One twin has Zika; the other doesn’t, doctors grow new nose on boy’s forehead, and more

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One Zika twin has microcephaly; the other doesn’t. A set of twins in Brazil has doctors stumped as one was born with microcephaly from the Zika virus and the other was not.

Jaqueline Silva de Oliveira, mother of 6-month-old twins, Lucas and Laura, found out about three months after giving birth that she had been infected by the Zika virus while pregnant. She only developed a rash, so she thought it was allergies.

Scientists are now studying why some babies born to Zika-infected moms develop microcephaly and hope to locate a genetic reason why one twin has microcephaly and yet another doesn’t.

Researchers have found that eating pasta can keep us lean. Pasta may have gotten a bad rap. New research suggests pasta—specifically noodles in this study—might actually help you lose weight.

Moderate pasta consumption seems linked to lower chances of general and abdominal obesity, researchers found after analyzing data on thousands of Italians.

Too much and too little sleep is ‘as damaging to your health as a bad diet and sitting all day. According to a new study, both too much and too little sleep appears to be associated with inflammation, a process that contributes to depression as well as many medical illnesses. Inflammation causes the number of substances to increase in volume in the blood stream. These include C-reactive protein (CRP) and interleukin-6 (IL-6).

An increase in these substances can be an indication of adverse health conditions, including cardiovascular problems, hypertension – or raised blood pressure – and type 2 diabetes.

Life expectancy drops for white women. Overall, life expectancies for both men and women didn’t change between 2013 and 2014, the most recent years available. However, differences appear when those results are broken down by race. White women saw a (slight) decline in life expectancy for the first time since 2005. Those born in 2014 were, on average, expected to die about one month earlier (at 81.1) than those born in 2013. But Hispanic women saw a slight increase, from 83.8 to 84 years, and Black women saw no changes in life expectancy (staying steady at 78.1).

The sound of your voice may diagnose disease. A growing body of evidence suggests that an array of mental and physical conditions can make you slur your words, elongate sounds, or speak in a more nasal tone. They may even make your voice creak or jitter so briefly that it’s not detectable to the human ear. It’s still not absolutely clear that analyzing speech patterns can generate accurate — or useful — diagnoses. But the race is on to try.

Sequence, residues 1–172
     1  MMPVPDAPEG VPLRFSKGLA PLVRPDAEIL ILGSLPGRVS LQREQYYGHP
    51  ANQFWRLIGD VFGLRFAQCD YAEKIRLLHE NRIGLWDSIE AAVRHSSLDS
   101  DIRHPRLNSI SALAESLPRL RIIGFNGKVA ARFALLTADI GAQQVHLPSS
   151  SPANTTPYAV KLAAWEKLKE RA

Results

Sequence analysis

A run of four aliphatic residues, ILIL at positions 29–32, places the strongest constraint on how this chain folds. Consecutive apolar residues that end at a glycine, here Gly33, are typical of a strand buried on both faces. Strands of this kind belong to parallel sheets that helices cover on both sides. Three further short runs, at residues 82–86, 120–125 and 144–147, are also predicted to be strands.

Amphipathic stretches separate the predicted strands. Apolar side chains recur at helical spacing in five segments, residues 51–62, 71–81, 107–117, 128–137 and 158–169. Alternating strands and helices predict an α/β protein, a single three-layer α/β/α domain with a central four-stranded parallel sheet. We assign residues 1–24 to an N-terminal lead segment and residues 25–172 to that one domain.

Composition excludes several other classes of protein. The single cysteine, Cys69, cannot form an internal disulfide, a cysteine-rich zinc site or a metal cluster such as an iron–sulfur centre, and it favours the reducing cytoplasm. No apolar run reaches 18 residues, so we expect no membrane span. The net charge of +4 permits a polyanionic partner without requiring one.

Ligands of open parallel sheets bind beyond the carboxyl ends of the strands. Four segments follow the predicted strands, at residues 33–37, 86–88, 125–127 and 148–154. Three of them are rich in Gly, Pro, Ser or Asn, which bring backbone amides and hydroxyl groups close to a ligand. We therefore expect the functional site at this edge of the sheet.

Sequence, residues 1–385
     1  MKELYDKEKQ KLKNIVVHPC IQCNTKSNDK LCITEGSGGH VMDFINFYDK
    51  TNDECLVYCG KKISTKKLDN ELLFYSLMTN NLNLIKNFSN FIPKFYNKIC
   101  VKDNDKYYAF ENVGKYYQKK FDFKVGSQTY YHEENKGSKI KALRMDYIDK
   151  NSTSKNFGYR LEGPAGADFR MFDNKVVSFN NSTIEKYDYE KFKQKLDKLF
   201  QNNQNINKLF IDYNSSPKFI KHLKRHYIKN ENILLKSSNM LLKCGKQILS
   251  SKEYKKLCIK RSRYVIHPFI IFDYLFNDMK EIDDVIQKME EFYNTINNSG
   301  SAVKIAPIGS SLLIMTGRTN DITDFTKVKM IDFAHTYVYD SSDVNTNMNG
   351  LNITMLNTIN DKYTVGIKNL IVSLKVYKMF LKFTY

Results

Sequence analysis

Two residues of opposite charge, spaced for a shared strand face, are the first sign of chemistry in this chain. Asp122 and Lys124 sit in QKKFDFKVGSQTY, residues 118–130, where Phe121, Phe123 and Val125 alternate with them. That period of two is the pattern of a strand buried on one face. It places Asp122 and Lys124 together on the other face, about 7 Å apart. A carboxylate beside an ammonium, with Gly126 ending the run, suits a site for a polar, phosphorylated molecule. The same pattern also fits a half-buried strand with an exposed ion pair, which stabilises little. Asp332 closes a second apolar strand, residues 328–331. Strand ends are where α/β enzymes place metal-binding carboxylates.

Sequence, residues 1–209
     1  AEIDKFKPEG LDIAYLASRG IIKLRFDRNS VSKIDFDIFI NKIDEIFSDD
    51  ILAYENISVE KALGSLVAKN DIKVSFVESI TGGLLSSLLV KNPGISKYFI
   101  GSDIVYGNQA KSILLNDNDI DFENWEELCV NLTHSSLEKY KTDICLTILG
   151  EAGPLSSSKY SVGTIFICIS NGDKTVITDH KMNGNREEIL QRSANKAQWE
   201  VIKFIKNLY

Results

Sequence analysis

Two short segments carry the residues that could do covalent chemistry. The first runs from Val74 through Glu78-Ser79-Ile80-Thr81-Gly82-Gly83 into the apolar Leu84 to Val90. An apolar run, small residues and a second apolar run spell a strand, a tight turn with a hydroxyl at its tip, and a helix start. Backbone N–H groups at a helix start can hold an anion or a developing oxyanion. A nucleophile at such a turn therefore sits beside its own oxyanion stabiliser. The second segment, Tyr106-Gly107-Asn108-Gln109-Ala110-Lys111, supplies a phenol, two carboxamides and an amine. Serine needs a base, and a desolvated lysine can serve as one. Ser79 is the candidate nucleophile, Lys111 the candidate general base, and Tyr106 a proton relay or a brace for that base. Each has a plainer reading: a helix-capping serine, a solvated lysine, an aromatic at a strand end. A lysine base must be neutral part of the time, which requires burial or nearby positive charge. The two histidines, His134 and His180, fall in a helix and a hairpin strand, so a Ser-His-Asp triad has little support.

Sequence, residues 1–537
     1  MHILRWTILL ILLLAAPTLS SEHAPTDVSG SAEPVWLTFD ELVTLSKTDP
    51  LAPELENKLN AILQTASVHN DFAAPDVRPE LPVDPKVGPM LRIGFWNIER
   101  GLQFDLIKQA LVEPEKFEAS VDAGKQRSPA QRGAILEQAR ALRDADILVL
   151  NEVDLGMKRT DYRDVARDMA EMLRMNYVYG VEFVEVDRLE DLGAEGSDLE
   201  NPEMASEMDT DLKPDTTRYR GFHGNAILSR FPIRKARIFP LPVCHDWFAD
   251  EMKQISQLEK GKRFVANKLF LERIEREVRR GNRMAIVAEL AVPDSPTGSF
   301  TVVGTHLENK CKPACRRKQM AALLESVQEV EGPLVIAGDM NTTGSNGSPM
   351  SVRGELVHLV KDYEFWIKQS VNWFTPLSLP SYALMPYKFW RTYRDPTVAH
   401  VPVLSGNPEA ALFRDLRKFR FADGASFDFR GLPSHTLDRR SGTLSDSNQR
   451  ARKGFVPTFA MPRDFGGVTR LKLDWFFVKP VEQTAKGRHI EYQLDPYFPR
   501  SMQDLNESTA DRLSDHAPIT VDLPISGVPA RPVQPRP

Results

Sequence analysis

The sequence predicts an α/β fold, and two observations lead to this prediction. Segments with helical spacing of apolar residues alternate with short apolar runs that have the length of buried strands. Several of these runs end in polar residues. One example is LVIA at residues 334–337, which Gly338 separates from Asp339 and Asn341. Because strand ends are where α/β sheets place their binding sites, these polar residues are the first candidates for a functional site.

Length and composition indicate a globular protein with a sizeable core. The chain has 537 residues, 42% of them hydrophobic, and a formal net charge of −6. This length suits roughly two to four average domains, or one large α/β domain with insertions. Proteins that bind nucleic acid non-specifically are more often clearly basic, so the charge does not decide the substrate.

Many U.S. teens taking risky supplements to bulk up or slim down. These products—including protein powders, steroids, and diet pills—are often useless at best, toxic at worst, said the American Academy of Pediatrics in a new report.

Doctors think of performance-enhancing substance use as an athlete problem, but many non-athletes are using these substances for appearance enhancement. Boys go for protein supplements, caffeine, steroids and creatine, which revs up energy in cells and nonprescription weight-loss supplements are popular among girls.

Protein associated with improved survival in some breast cancer patients. A study, led by academics at The University of Nottingham, discovered that when high levels of the protein calpain were detected in large primary breast tumors from patients given chemotherapy treatment to shrink their tumor before surgery, these patients were more likely to survive.

Fresh farm air can have negative health effects, says study. City pollution has health consequences, but so does ‘fresh’ farmyard air, according to a new study.

It shows that people living near livestock farms had reduced lung function and were more likely to get pneumonia, linked to a particle and a high concentration of ammonia from manure in the air.

Surprising discovery:

Indian doctors grow a new nose on boy’s forehead. Arun Patel’s nose was badly damaged and disfigured when he suffered from pneumonia as a baby. The infection damaged the cartilage of his nose, making it difficult for doctors to fix it.

Arun’s parents took him to a doctor in their village for treatments, but it made his condition worse and he lost his nose due to extensive tissue damage.

More than a decade later, a team of doctors in Indore city decided to conduct a rare four-phased plastic surgery to give Arun a new nose, by replacing his damaged nose with a new one which was grown on his forehead. [BBC]

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